at Tokyo Opera City Art Gallery
in the Shinjuku area
This event has ended - (2013-04-13 - 2013-06-23)
in the Tokyo: Others area
This event has ended - (2013-04-13 - 2013-05-18)
at Hara Museum of Contemporary Art (Tokyo)
in the Tokyo: Others area
This event has ended - (2013-03-20 - 2013-06-30)
at Hara Museum Arc (Gunma)
in the Kanto: others area
This event has ended - (2013-03-16 - 2013-06-26)
Golden Week– a series of national holidays at the end of April and beginning of May (April 29 and May 3, 4, 5 and 6)– will soon be upon us and art-goers will have plenty of exhibitions to choose from. All the exhibitions listed below will be open on public holidays over the Golden Week period except as noted.
Many of Tokyo’s art museums’ programs have chosen solo exhibitions for this time of year. The Museum of Contemporary Art Tokyo has a solo exhibition by Francis Alÿs, a Belgian-born artist living and working in Mexico. The museum is also holding the first comprehensive solo exhibition of one of Japan’s few female pre- and post-war Surrealist painters, Yuki Katsura. This exhibition will be a significant gesture in art historical revisionism for Japan’s twentieth century women artists.
Tokyo Opera City Art Gallery is holding a major exhibition of the feel-good photography of Ume Kayo, a young Japanese photographer who loves to find the comical and sometimes awkward situations of everyday life. Take, for example, her series called Danshi (Boys), in which she snaps schoolboys at their silliest and most disgusting. The exhibition will guarantee a smile or chuckle.
The Shirokane Art Complex is celebrating its 5th anniversary with a collection of connected events all curated by the acclaimed photographer Hiroshi Sugimoto. “Memento Mori- Eros & Thanatos” will be shown across Arataniurano, Kodama Gallery, London Gallery and Yamamoto Gendai. Take care that these exhibitions will not be open during the official public holidays, Sundays and Mondays, but are well worth a look if possible.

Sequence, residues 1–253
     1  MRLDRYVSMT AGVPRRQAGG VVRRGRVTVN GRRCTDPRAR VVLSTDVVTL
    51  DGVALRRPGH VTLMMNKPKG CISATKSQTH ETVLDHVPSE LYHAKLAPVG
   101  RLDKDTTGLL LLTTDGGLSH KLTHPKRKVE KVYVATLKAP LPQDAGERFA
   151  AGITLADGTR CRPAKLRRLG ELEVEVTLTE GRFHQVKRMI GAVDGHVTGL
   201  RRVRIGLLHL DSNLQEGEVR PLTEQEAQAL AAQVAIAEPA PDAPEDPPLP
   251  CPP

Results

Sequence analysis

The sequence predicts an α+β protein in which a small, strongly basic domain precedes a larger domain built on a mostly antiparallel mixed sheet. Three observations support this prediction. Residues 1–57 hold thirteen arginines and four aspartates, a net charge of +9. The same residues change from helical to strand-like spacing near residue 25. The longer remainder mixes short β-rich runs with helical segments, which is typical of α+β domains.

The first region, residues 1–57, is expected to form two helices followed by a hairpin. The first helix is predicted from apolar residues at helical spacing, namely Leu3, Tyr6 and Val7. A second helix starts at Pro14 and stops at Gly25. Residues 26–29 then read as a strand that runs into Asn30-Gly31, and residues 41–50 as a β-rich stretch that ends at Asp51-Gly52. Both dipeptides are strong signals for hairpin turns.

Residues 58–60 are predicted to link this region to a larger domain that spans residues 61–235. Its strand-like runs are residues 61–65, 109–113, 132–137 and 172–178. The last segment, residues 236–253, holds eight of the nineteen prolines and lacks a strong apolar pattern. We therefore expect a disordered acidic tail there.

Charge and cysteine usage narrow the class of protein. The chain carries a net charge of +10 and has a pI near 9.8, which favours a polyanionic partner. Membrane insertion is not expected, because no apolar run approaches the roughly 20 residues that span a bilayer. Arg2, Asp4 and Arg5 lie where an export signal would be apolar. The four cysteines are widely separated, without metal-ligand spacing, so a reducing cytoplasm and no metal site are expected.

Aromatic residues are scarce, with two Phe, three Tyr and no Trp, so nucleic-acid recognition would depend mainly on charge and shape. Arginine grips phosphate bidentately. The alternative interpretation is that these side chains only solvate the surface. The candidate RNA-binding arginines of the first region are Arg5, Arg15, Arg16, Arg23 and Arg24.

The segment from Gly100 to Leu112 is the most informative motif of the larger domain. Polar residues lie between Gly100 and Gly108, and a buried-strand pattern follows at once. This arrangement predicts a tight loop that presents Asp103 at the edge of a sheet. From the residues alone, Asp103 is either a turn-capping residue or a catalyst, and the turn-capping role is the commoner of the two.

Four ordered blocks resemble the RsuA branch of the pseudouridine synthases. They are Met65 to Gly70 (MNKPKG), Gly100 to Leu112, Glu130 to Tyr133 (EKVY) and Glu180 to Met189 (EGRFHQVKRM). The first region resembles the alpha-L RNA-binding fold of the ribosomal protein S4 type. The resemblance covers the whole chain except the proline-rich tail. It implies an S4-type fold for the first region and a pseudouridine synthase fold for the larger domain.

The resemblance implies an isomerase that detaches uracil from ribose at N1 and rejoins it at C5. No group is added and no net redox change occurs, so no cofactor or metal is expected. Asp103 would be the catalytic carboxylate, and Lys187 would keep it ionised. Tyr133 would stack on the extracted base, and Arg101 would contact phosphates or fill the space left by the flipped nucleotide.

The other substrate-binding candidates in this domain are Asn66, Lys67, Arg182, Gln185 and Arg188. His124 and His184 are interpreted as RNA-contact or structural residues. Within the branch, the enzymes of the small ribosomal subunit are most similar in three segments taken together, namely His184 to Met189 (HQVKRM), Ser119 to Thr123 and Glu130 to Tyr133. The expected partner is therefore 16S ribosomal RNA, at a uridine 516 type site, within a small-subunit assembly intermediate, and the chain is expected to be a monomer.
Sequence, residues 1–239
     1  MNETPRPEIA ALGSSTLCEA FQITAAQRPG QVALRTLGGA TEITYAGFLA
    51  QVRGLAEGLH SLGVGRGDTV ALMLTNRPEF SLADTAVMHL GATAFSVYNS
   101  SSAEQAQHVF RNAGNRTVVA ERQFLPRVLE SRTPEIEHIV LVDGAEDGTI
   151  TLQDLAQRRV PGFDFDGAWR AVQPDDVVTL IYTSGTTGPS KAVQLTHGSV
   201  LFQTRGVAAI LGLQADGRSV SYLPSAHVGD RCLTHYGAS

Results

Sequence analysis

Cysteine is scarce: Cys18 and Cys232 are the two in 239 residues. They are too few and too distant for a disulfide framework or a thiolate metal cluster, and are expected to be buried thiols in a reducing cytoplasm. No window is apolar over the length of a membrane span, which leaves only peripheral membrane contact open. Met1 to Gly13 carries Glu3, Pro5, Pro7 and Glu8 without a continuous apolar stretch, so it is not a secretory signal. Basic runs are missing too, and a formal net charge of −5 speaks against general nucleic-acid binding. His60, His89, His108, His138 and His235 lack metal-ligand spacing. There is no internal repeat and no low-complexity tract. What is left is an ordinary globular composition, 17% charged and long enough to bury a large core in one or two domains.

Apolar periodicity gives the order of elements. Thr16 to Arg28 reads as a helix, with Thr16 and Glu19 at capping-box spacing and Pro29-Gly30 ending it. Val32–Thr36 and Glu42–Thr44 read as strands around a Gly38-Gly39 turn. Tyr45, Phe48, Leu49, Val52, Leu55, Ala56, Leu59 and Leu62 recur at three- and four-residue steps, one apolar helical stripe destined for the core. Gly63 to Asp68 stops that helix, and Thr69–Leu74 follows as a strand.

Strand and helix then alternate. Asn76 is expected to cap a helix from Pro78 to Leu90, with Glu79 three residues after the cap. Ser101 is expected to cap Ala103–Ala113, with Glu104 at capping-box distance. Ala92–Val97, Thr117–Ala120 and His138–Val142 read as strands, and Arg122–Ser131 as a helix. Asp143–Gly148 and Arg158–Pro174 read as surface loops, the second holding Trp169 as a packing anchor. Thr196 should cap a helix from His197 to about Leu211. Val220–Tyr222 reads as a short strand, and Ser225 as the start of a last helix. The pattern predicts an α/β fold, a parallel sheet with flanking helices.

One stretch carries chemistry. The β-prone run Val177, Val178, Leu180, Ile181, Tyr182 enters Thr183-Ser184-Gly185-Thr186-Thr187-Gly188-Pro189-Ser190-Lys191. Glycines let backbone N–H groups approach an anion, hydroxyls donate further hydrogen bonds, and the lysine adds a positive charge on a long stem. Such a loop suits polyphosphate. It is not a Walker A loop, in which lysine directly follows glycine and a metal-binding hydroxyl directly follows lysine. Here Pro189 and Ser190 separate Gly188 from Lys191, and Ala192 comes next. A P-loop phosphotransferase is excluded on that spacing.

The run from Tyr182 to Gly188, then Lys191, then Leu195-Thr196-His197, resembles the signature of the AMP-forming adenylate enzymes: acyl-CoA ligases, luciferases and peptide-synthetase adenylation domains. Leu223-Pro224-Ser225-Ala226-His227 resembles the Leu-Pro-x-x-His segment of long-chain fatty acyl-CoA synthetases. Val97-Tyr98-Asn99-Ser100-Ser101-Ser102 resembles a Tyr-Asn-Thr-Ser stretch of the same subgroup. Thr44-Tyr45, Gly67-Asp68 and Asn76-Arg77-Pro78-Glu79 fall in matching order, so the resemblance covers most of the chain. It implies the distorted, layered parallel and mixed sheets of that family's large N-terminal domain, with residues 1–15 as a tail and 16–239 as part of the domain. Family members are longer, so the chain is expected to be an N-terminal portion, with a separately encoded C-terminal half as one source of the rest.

French conceptual artist Sophie Calle has brought her beautiful works from the “Blind” series to Tokyo. “For the First and Last Time” is focused around the stories of people who have lost sight. Along with portraits of her subjects, Calle’s works include stories of the last thing they saw before they lost the ability to see. Downstairs, the artist also documents the experience of a range of subjects who view the ocean for the first time in their lives.
Speaking of Sophie Calle, fans may also be interested in traveling to the Hara Museum Arc in Gunma prefecture to see “Spinning the World: Sophie Calle and Miranda July from the Museum Collection“. The Arc is in a fabulous location; it’s in close proximity to a hot spring resort, a couple of temples and Lake Haruna. Closed on Thursdays.
Take a quick trip to Yokohama to check out a large survey of Southeast Asian art. “Welcome to the Jungle: Contemporary Art in Southeast Asia” (can’t help but think of horrible ’80s rock with that title) is curated by Khairuddin Hori, senior curator at the Singapore Art Museum. He has brought to Japan a wide variety of works from Singapore, Thailand, Malaysia, Indonesia, Cambodia, Myanmar, Vietnam and The Philippines. It’s a good opportunity to see some dynamic art works–most for the first time– from the region. Closed on Thursdays.
If you’re looking to discover something or someone new, the twice-annual “Spiral Independent Creators Festival” (SICF) will again showcase some of Tokyo’s best emerging artists and creatives in the Spiral Hall in Aoyama. Meanwhile, Mori Art Museum will hold a large-scale group exhibition featuring works as diverse as Rodin’s The Kiss to images of the digitally simulated pop star Hatsune Miku. “All You Need is Love: From Chagall to Kusama and Hatsune Miku” is set to represent all kinds of expressions of love within the world of art.
On a completely different note, the Japan Folk-Craft Museum will display the art and crafts of Ainu culture. “Ainu Crafts- Patterns with a Prayer” features clothing, jewellery and other objects mostly from Hokkaido in the 19th century. The patterns, as well as being beautiful to look at, have important spiritual functions such as warding off evil.
By the way, check out the Mupon app to access many of these exhibitions at a discount.